SUNDAY TIMES - Local Hollywood makeup artist steps in front of the camera and wows
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Sunday Times Beauty By CLAIRE KEETON, 2017-03-05 00:00:00.0

Local Hollywood makeup artist steps in front of the camera and wows

Koketso Mbuli makes up and dresses Hollywood stars.
Image: RUVAN BOSHOFF

Koketso Mbuli, a costume and makeup artist for Hollywood stars, is a sensation in her own right.

She fits right into the Bright Young Things collection at the Africa Art Fair in Cape Town this week, and a larger-than-life image of her face by artist Kudzanai Chiurai was exhibited by the Goodman Gallery at the Cape Town Art Fair last month.

But Mbuli, 27, usually works behind the scenes - on movies such as The Last Face, directed by Sean Penn and starring Charlize Theron; The Giver, starring Meryl Streep; and on series like Roots, with Forest Whitaker; and Wallander, with Kenneth Branagh.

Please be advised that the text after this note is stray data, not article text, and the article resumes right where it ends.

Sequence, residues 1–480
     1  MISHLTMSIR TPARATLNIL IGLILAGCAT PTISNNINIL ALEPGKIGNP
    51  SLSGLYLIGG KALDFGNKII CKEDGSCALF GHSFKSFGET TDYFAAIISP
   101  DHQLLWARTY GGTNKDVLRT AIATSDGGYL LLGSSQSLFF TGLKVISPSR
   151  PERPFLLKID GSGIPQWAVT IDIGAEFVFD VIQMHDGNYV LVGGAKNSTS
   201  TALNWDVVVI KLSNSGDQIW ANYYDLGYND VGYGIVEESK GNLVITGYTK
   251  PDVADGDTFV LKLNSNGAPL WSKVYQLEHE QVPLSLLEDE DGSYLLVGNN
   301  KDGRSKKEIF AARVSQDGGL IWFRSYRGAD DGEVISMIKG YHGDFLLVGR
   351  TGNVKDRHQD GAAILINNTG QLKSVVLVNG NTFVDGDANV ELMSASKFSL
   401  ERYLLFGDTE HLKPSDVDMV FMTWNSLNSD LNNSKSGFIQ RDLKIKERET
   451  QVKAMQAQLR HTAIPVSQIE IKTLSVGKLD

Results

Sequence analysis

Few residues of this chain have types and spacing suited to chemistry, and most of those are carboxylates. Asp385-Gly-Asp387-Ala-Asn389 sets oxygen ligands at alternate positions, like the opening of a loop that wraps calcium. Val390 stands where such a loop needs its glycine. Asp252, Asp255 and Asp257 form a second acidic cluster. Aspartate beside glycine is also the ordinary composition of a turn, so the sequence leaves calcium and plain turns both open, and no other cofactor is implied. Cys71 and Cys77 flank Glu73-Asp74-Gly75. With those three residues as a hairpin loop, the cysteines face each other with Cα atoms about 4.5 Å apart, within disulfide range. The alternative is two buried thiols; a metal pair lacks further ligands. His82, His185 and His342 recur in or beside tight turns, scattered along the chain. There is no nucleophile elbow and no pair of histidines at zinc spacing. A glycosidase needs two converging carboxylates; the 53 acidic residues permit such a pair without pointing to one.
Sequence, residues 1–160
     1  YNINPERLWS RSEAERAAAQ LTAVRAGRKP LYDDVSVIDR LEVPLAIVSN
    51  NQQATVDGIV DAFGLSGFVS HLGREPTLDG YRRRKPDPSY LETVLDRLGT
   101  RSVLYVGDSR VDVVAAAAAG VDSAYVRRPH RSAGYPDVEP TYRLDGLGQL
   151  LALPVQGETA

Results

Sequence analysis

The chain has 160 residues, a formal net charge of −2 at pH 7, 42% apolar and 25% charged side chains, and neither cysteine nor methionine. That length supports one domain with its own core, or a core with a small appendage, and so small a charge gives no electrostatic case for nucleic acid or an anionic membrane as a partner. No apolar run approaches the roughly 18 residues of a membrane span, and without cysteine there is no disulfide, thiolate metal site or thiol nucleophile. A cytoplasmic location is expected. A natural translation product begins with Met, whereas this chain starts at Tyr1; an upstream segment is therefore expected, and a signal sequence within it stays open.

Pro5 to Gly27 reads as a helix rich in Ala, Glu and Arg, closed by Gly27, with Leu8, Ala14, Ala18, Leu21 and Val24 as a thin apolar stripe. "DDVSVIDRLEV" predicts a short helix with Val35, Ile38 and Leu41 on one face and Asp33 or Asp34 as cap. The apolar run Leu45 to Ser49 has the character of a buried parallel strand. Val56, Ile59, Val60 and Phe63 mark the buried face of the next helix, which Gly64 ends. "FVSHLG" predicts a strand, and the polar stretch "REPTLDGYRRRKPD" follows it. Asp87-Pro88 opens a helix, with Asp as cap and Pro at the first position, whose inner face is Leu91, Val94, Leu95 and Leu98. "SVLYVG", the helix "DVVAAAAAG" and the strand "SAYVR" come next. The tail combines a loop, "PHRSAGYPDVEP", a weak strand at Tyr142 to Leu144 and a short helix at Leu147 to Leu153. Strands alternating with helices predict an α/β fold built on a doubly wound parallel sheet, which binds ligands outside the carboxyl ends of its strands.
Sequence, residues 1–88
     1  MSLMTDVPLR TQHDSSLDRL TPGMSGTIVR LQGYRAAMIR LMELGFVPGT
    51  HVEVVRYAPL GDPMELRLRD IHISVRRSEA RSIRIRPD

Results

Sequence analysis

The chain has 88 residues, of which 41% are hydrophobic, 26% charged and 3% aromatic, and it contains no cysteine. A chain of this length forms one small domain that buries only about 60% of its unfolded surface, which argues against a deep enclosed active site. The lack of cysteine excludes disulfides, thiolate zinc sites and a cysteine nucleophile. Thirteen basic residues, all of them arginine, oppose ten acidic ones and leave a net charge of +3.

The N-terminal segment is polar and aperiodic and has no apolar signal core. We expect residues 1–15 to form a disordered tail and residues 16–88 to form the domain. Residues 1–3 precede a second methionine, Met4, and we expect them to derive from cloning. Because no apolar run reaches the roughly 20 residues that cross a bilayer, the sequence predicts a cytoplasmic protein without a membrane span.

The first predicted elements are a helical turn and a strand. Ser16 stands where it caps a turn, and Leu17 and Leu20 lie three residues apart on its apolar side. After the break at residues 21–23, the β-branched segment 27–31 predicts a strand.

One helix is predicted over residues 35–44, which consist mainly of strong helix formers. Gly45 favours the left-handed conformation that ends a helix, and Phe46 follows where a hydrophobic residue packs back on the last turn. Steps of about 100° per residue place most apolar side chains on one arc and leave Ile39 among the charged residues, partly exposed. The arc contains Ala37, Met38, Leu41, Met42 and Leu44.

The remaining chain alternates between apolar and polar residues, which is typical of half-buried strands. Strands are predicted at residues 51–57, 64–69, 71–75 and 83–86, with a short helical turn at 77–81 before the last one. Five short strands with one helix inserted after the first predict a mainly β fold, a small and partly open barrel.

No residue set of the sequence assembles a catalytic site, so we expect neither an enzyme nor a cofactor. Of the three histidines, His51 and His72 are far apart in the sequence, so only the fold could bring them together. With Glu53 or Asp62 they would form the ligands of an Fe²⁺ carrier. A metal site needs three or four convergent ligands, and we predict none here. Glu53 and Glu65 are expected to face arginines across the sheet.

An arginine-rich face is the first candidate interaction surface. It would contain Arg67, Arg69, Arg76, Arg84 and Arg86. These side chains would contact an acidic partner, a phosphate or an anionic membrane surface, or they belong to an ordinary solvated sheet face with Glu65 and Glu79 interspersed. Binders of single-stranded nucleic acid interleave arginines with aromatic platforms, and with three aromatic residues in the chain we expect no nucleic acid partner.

Now she is "hopping out" of long films to do more collaborations with conceptual artists on commercials and projects.

"I can do my own shoots, the casting, art direction, makeup and costumes," said Mbuli, who had just finished working on an advert when she arrived at the art fair.

She was mesmerised by the artworks and images, including the collection titled The Upright Man on the late Burkinabé president Thomas Sankara.

Cape Town's film industry was booming, said Mbuli, who moved there after falling in love with the city during the 2010 Soccer World Cup.

Working on set for 12 to 14 hours a day was more gruelling than glamorous, said Mbuli, talking about the fatigue and inability to do anything else while filming.

"In film you go with whatever team you like and you throw your heart into what they are creating. You go with it.

"Often you only read the script later and it may be something you don't believe in," she said.

Stars could make or break a shoot, said Mbuli. "Meryl Streep kept to herself, but she was warm and lovely," said Mbuli. "She was very professional."

On Penn's film, which critics panned, Mbuli was responsible for dressing the leads, except Theron and co-star Javier Bardem, who had their own dressers. Penn used former child soldiers from Liberia to portray the young fighters in the film.